Kevin Tobia and I have co-written a paper on personal identity for the Oxford Handbook on Moral Psychology, edited by John Doris and Manuel Vargas. You can see the draft here. What’s particularly new and interesting about the entry is Kevin’s part of the project, which involves a survey and critical discussion of the state of the art on work about personal identity that has taken place in the psychology-heavy literature over the last 5-10 years. We then bring together that literature with the standard philosophy-heavy work on the topic since Locke. As we will get one more run on revising, we are interested in any thoughts you might have about it, preferably spelled out in the comments here.
When was the last time you read an Anthropology article or book? Did you know that there is a recent “Ethical turn” in anthropology and that anthropologists are writing interesting things about moral development, practical reasoning, virtue, autonomy, and other moral topics – all with reference to specific cultural contexts and practices?
If you are like me only a little while ago, you have never heard of the ethical turn because current anthropology is simply not on your radar. And that is why I am posting! I think this might be of interest to many philosophers, but especially to graduate students.
Hi everyone! Thanks very much for the opportunity to discuss our work-in-progress, “‘I Love Women’: The Conceptual Inadequacy of ‘Implicit Bias.’”
Tests for implicit bias, in particular the Implicit Association Test (IAT), have recently come under scrutiny. Two different meta-analyses, by Oswald et al. (2013) and Forscher et al. (2016) (recently discussed in the Chronicle of Higher Education) have concluded that measurements of “implicit bias” do not reliably predict biased behavior.
In our paper, we offer a different critique of implicit bias testing, one which philosophers and other humanistic thinkers might be well-suited to address. We argue that the dominant implicit bias tests assume crude and implausible conceptions of explicit prejudice, leaving open the possibility that the morally bad and wrong actions supposedly best explained by something interestingly implicit are instead best explained by non-obvious but nonetheless explicit prejudice.[i]
Over the past few years, an interesting development in experimental philosophy has been work on the “ought implies can” principle (OIC) in commonsense morality. Several research teams have investigated whether patterns in commonsense moral judgment are consistent with a commitment to OIC, understood as a conceptual entailment from having a moral responsibility to being able to fulfill it. Across a variety of contexts and testing procedures, the principal finding has been very consistent: people are definitely willing to attribute moral responsibilities to agents unable to fulfill them. Based on these findings, I and others have concluded that there is no conceptual entailment from “ought” to “can.” But there is a lingering question. If there is no conceptual entailment, then what is the source of the intuitive link, which many theorists seem to sense, between “ought” and “can”? A new paper might provide at least part of the answer.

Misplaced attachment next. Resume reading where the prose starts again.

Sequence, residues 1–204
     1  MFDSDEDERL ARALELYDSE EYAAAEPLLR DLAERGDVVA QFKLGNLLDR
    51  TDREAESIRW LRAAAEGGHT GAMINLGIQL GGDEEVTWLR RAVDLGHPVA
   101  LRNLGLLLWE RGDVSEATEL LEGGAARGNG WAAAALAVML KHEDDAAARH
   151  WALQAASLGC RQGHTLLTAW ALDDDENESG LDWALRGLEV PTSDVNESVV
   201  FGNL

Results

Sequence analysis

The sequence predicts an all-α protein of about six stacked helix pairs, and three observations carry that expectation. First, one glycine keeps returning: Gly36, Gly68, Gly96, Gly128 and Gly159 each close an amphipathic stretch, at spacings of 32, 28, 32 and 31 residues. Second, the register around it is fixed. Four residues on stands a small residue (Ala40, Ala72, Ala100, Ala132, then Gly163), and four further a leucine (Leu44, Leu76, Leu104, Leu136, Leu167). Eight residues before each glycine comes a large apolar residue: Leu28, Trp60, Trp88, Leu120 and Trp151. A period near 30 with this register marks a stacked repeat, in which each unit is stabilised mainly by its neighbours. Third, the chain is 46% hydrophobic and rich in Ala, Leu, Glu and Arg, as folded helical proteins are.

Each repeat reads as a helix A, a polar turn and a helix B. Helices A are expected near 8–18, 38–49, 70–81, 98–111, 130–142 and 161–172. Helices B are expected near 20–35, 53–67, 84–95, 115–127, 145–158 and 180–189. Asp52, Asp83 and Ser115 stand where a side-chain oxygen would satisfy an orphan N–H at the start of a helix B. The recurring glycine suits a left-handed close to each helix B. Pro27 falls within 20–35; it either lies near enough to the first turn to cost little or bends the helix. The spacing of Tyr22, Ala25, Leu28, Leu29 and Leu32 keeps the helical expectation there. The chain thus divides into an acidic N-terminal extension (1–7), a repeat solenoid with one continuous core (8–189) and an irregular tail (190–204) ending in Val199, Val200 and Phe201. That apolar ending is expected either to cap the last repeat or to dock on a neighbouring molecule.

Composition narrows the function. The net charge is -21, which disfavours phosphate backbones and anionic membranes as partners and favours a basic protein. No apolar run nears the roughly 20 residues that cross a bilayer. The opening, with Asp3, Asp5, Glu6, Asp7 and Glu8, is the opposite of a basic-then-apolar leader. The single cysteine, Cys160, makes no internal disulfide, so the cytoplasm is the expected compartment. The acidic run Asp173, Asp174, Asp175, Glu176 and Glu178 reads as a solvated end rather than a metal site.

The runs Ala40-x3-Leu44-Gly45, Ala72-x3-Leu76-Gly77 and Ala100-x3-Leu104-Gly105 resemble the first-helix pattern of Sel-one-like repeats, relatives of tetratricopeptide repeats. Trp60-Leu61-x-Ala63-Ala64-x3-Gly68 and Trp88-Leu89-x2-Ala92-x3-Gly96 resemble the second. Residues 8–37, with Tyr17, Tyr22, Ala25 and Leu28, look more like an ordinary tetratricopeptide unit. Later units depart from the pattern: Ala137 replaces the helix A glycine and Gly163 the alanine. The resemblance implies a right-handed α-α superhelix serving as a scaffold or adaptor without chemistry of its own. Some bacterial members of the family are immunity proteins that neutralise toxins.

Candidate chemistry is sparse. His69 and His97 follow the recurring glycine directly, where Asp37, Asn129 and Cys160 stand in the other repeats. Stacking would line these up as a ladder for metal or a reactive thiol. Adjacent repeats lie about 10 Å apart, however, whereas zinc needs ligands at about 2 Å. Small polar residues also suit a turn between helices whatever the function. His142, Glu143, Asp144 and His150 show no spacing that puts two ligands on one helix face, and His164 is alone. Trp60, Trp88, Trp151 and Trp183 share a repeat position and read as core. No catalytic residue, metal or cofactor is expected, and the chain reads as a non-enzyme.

With Donald Trump now president-elect, many people are concerned that something truly precious and fundamental is under threat. Though Americans disagree about many things, we traditionally had a shared national sense of the bounds of normal behavior and a seemingly entrenched understanding that certain kinds of behavior fell completely outside those bounds. There is now a widespread fear that Trump’s recent actions will be ‘normalized’ and that our shared understanding of the normal will then be lost.
I think that this fear is getting at something of deep importance, and it is therefore worth taking a moment to think philosophically about what is at stake here. What exactly does it mean to see certain behavior as normal?
Suppose you are sitting at your desk, reflecting on a moral question. Now suppose that as you are reflecting on this question, you happen to be looking around at a somewhat disgusting scene. Perhaps there is a half-eaten apple on the desk, or a bad smell in the room, or maybe you just didn’t have an opportunity to wash your hands.
(From Joachim Horvath) Dear colleagues,
We would like to invite you to an online experiment on moral decisions. In the experiment, you will be asked to judge about several cases which option the agent in the scenario should choose. You can enter the experiment via the following link:
We especially encourage the participation of people with expertise in philosophy and/or ethics. At the end of the study, every participant can register for a price draw to win a copy of Daniel Kahneman’s book “Thinking: Fast and slow”.
If you have any further questions regarding our experiment, please feel free to contact Alex Wiegmann, Department of Psychology, University of Goettingen (Alex.Wiegmann@psych.uni-goettingen.de) or Joachim Horvath, Department of Philosophy, University of Cologne (email@example.com).